(355a) Control System Cyberattack Resilience and Discoverability for Nonlinear Systems with Changing Dynamics | AIChE

(355a) Control System Cyberattack Resilience and Discoverability for Nonlinear Systems with Changing Dynamics


Durand, H. - Presenter, Wayne State University
Oyama, H., Wayne State University
Control system cyberattacks are a concern for safe and profitable operation of chemical processes, yet goals of more flexible and cheaper operating strategies may conflict with the goal of maintaining adequate cybersecurity practices. Therefore, a variety of works focused on control have developed strategies for probing for attacks to determine whether they are occurring (e.g., [1]), for detecting attacks (e.g., [2]), and for handling attacks (e.g., [3,4]). However, attacks have the potential to be “stealthy” [5] in the sense that they may prevent certain attack detection mechanisms from locating them, creating potential difficulties for maintaining safety and profitability in the presence of the undiscovered attack. A second potential challenge for attack detection is distinguishing attacks from changes in the underlying process dynamics. For example, [6] proposes the use of a strategy for attack detection that compares predictions of the process state with process state measurements and provides guarantees that the closed-loop state will be maintained within a characterizable region of state-space for a characterizable timeframe after an attack that is not detected via this strategy occurs ([6] uses an optimization-based control framework known as Lyapunov-based economic model predictive control (LEMPC) [7] in this context). However, when the underlying dynamics change, it would be expected that the process state predictions may no longer match the process state measurements; therefore, it becomes more difficult to tell whether the mismatch in process state predictions and measurements is the result of an attack on the process sensors, for example, or is the result of process dynamics changes over time.

Motivated by these considerations, this work elucidates properties of cyberattack discoverability for nonlinear systems, both in the presence of changing and of unchanging process dynamics. In the case of changing process dynamics, cyberattack discoverability is discussed for an approach for updating the dynamics which extends prior work in [8,9] to provide conditions under which closed-loop stability under LEMPC can be maintained when the underlying process dynamics change over time for a nonlinear process. In [8], the process model must be re-identified within a certain time period after the closed-loop state leaves a characterizable region of state-space which it should not leave unless the process dynamics have changed. Due to difficulties in distinguishing process dynamics changes from sensor measurement cyberattacks, we discuss methods for adjusting this model update-triggering procedure to attempt to gain greater resilience of the control system against cyberattacks on the sensors (in the sense that the attacks can be detected or if not detected, cannot cause the closed-loop state to leave a bounded region of operation for at least some time period after the attack). Three detection strategies based on probing, state prediction-based attack flagging, and state estimate-based attack flagging are evaluated for their benefits and limitations in achieving these goals. A chemical process example involving a continuous stirred tank reactor is used to illustrate the developments.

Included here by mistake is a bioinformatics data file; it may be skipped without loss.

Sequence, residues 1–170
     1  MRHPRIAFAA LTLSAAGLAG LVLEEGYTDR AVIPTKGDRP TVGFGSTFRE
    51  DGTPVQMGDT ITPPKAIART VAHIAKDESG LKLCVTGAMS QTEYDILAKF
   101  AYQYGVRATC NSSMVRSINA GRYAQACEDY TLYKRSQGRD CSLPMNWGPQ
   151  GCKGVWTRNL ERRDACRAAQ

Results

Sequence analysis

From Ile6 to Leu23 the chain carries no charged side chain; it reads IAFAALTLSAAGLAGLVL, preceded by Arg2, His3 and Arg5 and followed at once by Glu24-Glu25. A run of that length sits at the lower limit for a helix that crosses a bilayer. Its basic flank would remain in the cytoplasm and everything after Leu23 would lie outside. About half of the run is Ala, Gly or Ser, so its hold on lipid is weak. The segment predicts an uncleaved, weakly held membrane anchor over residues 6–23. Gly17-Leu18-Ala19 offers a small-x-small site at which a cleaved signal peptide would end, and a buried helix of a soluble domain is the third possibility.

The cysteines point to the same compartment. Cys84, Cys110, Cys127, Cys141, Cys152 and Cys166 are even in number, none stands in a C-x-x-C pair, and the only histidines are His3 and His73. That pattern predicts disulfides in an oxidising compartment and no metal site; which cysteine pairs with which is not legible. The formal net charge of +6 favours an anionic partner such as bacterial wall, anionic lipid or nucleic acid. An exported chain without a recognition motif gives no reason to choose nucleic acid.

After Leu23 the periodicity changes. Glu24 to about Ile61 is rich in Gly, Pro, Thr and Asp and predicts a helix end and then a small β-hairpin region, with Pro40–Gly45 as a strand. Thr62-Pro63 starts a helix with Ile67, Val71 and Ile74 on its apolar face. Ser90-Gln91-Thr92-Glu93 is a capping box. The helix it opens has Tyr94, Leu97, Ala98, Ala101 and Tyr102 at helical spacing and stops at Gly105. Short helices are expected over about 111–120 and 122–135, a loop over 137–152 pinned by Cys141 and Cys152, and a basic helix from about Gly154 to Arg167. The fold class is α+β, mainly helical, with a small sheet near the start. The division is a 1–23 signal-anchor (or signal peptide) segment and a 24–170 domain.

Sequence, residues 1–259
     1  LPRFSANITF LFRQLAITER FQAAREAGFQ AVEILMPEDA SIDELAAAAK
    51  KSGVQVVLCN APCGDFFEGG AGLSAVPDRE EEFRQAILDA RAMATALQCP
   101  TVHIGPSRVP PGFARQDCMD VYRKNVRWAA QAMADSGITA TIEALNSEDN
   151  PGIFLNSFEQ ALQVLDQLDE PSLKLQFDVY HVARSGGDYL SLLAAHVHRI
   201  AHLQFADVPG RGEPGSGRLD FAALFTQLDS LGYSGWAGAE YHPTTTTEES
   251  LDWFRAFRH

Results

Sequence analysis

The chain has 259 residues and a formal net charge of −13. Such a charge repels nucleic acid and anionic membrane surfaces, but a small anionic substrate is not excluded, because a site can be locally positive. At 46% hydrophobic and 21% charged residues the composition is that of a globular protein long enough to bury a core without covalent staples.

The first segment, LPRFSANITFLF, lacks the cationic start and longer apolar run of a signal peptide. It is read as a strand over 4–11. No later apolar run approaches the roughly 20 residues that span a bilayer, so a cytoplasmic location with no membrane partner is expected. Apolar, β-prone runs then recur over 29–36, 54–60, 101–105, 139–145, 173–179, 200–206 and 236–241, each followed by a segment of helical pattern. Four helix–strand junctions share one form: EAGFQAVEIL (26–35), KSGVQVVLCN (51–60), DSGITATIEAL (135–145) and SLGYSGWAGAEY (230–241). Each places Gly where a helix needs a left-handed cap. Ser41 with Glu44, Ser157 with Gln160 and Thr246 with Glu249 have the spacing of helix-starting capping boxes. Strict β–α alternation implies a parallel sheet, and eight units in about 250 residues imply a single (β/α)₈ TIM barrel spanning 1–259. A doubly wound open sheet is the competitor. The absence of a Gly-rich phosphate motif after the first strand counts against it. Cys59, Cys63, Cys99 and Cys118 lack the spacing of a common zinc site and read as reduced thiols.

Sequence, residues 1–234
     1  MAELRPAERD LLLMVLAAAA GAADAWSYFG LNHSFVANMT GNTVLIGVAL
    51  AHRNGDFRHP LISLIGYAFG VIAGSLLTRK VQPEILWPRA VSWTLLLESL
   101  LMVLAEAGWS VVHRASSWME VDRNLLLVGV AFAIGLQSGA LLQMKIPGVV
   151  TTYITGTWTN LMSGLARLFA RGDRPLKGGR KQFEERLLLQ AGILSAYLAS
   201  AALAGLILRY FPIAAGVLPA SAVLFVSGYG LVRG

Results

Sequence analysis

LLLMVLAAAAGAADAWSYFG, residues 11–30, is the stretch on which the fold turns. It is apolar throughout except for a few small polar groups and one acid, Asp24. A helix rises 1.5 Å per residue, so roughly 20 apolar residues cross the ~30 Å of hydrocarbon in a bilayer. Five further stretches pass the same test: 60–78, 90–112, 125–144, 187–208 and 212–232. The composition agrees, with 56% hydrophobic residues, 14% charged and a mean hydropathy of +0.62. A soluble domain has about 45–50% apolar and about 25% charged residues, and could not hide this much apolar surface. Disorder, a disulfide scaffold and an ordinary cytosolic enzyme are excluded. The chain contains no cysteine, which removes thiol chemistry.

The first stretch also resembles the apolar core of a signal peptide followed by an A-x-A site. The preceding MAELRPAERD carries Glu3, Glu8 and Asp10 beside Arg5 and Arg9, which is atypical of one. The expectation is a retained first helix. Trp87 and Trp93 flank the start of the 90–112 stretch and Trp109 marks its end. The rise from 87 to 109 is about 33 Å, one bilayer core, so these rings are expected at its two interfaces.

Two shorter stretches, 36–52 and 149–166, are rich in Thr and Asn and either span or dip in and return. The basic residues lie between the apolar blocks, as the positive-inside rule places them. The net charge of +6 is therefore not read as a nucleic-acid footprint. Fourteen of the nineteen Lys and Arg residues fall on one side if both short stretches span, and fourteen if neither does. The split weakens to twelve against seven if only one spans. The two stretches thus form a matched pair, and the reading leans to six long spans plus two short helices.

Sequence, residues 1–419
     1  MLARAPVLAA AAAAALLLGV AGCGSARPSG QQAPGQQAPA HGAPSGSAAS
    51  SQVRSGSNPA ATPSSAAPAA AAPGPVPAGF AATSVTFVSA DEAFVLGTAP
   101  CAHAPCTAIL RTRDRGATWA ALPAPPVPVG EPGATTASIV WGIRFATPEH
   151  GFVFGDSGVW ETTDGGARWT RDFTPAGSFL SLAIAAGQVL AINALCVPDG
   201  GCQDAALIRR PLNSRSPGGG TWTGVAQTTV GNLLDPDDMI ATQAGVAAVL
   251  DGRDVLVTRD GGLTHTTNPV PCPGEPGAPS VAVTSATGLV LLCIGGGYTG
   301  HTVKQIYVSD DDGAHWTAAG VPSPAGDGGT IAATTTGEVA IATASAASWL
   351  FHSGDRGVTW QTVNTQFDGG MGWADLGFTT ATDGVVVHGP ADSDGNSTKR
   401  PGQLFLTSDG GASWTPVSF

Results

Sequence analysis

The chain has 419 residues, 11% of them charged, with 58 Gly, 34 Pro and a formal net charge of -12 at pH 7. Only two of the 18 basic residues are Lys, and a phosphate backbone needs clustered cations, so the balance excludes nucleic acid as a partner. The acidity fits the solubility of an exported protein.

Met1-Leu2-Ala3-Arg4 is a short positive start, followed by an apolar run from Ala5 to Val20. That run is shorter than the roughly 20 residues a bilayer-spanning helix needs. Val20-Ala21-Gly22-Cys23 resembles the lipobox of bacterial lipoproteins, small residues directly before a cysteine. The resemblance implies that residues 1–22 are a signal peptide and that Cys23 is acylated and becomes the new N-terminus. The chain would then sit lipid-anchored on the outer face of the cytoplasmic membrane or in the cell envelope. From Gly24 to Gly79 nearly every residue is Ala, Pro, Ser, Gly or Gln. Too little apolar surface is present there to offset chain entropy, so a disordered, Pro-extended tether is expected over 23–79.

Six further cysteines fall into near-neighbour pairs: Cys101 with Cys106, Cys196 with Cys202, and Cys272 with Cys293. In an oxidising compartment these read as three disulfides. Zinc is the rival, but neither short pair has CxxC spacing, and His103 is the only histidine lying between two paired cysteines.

[1] Satchidanandan, B. and P. R. Kumar. “Dynamic watermarking: Active defense of networked cyber-physical systems,” Proceedings of the IEEE, 105, 219-240, 2016.

[2] Wu, Z., F. Albalawi, J. Zhang, Z. Zhang, H. Durand and P. D. Christofides, "Detecting and Handling Cyber-Attacks in Model Predictive Control of Chemical Processes," Mathematics, 6, 173, 22 pages, 2018.

[3] Wu, Z., S. Chen, S., D. Rincon and P. D. Christofides. “Post cyber-attack state reconstruction for nonlinear processes using machine learning,” Chemical Engineering Research and Design, 159, 248-261, 2020.

[4] Sun, Q., K. Zhang and Y, Shi. "Resilient Model Predictive Control of Cyber–Physical Systems Under DoS Attacks." IEEE Transactions on Industrial Informatics,16, 4920-4927, 2019.

[5] A. A. Cárdenas, S. Amin, Z.-S. Lin, Y.-L. Huang, C.-Y. Huang and S. Sastry, “Attacks against process control systems: Risk assessment, detection, and response,” In Proceedings of the ACM Asia Conference on Computer & Communications Security, Hong Kong, China, 2011.

[6] Durand, H. and M. Wegener. "Mitigating Safety Concerns and Profit/Production Losses for Chemical Process Control Systems under Cyberattacks via Design/Control Methods," Mathematics, 8, 499 (38 pages), 2020.

[7] M. Heidarinejad, J. Liu and P. D. Christofides. Economic model predictive control of nonlinear process systems using Lyapunov techniques, AIChE Journal, 58:855-870, 2012.

[8] Durand, H. "Responsive Economic Model Predictive Control for Next-Generation Manufacturing," Mathematics,8, 259 (38 pages), 2020.

[9] Rangan, K. K. and H. Durand. "Lyapunov-based Economic Model Predictive Control with Taylor Series State Approximations," In Proceedings of the 2020 American Control Conference, Denver, Colorado, 1980-1985, 2020.